Doug Staley

First post: May 27, 2016 Latest post: Jul 10, 2017
May 20, 2016

To all my Good and Faithful Friends:

In the past few weeks and days my life and health situation have undergone some significant changes.  Since some of you may know most of the details, some of you may know a few details and some of you may be unaware, I wanted to take this opportunity to bring each and every one up to date on my situation and status.  

The Discovery:

On Tuesday April 26th, Karen and I had lunch at a restaurant near our house.  We were driving the SX and Karen drove on the way back home.  Half way back I noticed my left shoulder felt somewhat numb and like it was asleep.  No pain, but the numbness and “pins and needles” feeling went on down my left side all the way to my l left ankle and never left.  We stopped at a local emergency clinic and they recommended we go on to the hospital emergency room, which we did.  We were checked in to the ER and they told us they were concerned that I might be having a stroke.  They performed the classic physical exam looking for things that indicate a stroke.  I “passed” all those tests.  They did a CT scan of my head, looking for bleeding inside the skull which would confirm a stroke, but they didn’t see any bleeding.  However, they did see three lesions which showed up as medium size black spots in the scan on the right side of my brain.  

Wednesday evening they did an MRI of my head.  On Thursday afternoon, the cardiovascular surgeon, who would be the doctor who would operate and work on me if I had a stroke, came in and told me that definitely there was no stroke and he showed me the pictures taken by the MRI.    There were three small tumors about the size of grapes in the same location on the right side of my brain toward the rear just past and slightly above the ear.  

Later Thursday afternoon, April 28 about 5 PM, the Physicians Assistants of the Neurosurgeon came in for a consultation.  They said that the tumor looked like a glioblastoma multiforme which is the worst kind of brain tumor since it is a really fast growing kind.  They recommended it be removed as soon as possible as there was no advantage in not doing so.  We discussed the risks of surgery which could be brain damage and its’ effects on my body and especially my left side since the tumors are on the right side of the brain.  They said they were ready to do surgery to remove it Friday morning, April 29 and that’s what we did.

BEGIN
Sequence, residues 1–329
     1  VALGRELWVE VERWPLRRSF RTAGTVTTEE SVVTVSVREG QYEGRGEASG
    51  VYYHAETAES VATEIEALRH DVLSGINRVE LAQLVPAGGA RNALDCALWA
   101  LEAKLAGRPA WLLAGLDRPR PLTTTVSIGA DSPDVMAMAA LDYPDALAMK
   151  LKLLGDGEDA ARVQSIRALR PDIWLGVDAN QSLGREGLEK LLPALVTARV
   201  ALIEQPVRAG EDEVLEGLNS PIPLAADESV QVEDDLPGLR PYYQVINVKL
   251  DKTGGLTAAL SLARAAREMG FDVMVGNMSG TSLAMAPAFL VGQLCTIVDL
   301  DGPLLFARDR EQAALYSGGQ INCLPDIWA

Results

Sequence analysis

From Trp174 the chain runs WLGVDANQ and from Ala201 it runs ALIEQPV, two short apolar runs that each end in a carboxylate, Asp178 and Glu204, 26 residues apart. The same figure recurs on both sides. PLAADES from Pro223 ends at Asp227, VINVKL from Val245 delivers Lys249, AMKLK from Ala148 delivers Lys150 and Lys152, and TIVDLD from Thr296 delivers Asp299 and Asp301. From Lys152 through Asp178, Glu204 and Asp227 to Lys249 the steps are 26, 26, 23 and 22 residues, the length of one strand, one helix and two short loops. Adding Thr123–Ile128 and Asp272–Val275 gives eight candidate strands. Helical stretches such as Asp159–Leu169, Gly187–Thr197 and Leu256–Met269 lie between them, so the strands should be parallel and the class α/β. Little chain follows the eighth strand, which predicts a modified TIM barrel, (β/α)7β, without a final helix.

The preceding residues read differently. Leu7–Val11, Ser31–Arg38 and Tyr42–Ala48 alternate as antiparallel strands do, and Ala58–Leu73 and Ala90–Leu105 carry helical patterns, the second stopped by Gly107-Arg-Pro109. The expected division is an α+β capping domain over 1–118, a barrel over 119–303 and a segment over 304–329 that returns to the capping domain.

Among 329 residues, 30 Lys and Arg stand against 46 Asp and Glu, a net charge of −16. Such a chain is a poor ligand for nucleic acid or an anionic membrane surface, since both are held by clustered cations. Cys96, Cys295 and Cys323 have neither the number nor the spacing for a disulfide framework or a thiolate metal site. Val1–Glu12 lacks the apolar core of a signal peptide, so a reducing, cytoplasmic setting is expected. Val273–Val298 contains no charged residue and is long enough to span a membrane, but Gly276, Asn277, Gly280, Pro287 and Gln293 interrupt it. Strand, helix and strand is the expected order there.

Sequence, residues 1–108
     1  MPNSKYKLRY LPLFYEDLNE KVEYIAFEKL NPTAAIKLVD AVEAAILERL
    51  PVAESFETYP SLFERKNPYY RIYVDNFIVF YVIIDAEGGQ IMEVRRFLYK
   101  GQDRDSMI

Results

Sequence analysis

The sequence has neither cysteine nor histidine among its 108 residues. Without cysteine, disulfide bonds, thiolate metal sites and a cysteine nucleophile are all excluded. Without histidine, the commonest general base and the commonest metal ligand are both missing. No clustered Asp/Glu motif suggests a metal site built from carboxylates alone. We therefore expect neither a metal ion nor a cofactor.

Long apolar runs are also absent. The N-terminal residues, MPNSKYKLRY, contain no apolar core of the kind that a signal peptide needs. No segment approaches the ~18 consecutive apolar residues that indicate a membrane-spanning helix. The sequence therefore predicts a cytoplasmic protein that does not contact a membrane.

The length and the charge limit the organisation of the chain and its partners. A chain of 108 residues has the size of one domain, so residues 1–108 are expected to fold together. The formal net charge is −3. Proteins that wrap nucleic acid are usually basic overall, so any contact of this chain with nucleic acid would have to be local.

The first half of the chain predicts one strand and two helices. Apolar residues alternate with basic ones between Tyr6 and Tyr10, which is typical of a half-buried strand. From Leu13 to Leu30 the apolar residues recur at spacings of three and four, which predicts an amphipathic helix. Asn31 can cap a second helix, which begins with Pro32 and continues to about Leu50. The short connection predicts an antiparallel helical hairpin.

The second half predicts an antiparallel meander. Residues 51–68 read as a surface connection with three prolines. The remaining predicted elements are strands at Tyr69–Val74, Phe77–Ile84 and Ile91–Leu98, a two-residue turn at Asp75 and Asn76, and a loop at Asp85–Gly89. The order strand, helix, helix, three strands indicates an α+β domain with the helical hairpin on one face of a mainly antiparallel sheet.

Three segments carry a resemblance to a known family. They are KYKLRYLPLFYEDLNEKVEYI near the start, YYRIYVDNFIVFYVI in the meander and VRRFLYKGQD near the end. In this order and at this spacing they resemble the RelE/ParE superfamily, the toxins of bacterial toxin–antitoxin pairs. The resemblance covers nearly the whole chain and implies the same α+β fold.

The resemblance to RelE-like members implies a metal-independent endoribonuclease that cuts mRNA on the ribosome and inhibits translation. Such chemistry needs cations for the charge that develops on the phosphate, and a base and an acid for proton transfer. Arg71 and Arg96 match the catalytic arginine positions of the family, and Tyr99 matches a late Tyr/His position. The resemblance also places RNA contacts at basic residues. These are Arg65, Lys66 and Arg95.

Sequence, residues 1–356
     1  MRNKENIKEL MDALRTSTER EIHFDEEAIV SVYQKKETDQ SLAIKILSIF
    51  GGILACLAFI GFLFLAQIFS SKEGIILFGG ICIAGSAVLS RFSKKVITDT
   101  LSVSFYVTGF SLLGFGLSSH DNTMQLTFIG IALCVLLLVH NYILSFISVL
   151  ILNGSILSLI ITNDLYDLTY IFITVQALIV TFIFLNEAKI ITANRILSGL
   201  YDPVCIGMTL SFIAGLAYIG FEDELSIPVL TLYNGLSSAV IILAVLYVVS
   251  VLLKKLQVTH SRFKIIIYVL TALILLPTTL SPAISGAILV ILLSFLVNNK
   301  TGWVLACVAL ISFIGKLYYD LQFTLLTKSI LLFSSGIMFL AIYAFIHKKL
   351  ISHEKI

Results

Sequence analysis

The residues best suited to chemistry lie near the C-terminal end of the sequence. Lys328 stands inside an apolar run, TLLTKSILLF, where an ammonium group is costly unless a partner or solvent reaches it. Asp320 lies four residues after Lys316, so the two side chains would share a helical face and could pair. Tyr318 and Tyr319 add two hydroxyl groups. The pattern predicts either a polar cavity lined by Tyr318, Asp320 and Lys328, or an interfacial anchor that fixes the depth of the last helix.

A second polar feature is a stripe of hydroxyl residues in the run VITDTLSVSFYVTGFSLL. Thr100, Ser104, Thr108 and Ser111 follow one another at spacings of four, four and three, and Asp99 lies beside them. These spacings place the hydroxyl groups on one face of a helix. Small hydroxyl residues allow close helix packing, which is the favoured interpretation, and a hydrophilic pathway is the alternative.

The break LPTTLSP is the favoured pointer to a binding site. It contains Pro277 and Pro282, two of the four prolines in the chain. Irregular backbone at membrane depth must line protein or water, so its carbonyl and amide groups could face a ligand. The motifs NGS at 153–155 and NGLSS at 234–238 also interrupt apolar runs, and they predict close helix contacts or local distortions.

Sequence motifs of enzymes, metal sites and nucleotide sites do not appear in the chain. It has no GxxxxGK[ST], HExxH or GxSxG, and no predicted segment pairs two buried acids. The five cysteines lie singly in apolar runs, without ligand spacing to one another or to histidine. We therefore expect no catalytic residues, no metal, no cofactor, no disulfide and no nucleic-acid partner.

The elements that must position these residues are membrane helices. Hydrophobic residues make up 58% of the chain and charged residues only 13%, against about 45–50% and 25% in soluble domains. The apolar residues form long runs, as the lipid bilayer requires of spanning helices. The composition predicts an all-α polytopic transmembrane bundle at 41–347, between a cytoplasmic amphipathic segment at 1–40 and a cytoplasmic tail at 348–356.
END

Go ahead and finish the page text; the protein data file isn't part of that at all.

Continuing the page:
The surgery started about 8:30 AM and was finished and I was in Recovery at about 11:30 AM.  The surgery consisted of opening a hole in my skull over my right ear through which the tumor was removed.  I was a little weak after surgery, but I did well.  No pain but a slight headache, I was able to get around well, no significant weakness, speech was good, and I slept OK.  I was not really hungry, food didn’t smell good and my appetite was poor.  I was moved from Intensive Care back to a room on the stroke floor on Sunday evening May 1st.  The neurosurgeon said I had done well, they had removed as much of the tumor as they could and the next phase of my treatment would be radiation and chemo treatment which would be handled by an Oncologist.  Anyway based on my condition I was released from the hospital at about 6:00 PM Monday May, 2nd.

As luck would have it, my son, Michael, met up with the Oncologist as we were leaving the hospital.  He told Michael that he had seen the preliminary pathologist report and the tumor was glioblastoma multiforme grade 4.